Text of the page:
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Do Shelly’s words resonate with you too? Do you pray in generalities or with a well-defined faith? How have your prayers changed as you’ve grown in faith?

When You Feel Ill-Equipped to Lead Others into a Deeper Faith

The year I turned 24, I spent an unreasonable amount of time debating what color my hair should be. I indulged a mild obsession with the TV show Friends and regularly debated the merits of a Ross-and-Rachel combination. I quit my nursing job with good friends, sweet patients, and flexible hours to accept a temporary desk job, hoping to make more money in a less physically demanding environment. In September of that same year, after a summer of swollen feet and watching sitcom re-runs from a side-lying position, I gave birth to my first baby…

To read more on how we grow into our roles as parents and spiritual guides to our children, join me at In Touch Magazine.

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Why We Need Each Other on the Broken Road

“In the midst of winter, I found there was, within me, an invincible summer.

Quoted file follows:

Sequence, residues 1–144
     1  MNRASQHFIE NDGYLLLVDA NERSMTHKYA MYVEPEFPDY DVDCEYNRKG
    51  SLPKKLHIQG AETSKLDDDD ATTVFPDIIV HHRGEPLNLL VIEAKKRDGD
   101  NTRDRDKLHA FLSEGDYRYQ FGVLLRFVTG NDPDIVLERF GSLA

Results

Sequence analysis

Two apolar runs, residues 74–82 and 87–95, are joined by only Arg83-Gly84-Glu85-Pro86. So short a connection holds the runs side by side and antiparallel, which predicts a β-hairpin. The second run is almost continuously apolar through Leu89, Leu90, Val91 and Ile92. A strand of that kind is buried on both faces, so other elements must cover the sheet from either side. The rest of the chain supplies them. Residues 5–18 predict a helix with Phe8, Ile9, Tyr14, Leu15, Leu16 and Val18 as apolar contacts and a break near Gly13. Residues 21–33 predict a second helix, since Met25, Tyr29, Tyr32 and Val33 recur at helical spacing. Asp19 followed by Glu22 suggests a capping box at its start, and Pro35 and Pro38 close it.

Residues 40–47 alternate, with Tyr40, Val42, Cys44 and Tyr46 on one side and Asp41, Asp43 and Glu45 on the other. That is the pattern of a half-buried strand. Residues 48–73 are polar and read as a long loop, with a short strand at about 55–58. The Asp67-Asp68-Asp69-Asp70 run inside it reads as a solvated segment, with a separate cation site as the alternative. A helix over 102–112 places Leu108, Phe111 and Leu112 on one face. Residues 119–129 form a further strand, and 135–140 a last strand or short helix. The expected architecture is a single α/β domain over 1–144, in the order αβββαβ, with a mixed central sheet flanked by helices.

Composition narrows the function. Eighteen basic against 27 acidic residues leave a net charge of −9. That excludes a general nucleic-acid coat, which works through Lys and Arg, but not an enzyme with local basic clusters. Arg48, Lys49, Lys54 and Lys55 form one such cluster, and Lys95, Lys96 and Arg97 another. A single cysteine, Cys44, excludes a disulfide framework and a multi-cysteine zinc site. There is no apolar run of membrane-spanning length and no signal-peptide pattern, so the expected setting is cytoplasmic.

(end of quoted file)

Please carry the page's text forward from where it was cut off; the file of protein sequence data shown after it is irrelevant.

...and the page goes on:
And that makes me happy. For it says that no matter how hard the world pushes against me, within me, there’s something stronger – something better, pushing right back.”~ Albert Camus

Winter possesses its own spare beauty. Steep slopes of fresh white. Frosted windows. Steel skies. Sharp branches. It’s lovely in its own way, but few would choose to live in a Narnia of forever-cold days. Winter draws a curtain against the cicada’s song and summer’s lush gardens until our memory of summer fades.

We forget there is bounty and more beauty to come as we experience the longest nights and the darkest days of the year. We wonder if winter will ever evolve into spring. If the earth will once again offer us bouquets of peonies and roses and sweet russian sage.

Walking a broken road in the grip of grief feels like a journey through winter, a long walk on those steep slopes under steel skies. There is beauty, but it is the kind of beauty that requires a wounded heart in order to see it clearly.

I discovered beauty while walking my own hard road, and I found it sitting around my kitchen table with the people who care for me. I saw it in the familiar faces of dear friends who surrounded me as I wrestled with grief.

I discovered that the consolation of community gives me hope on the hard road.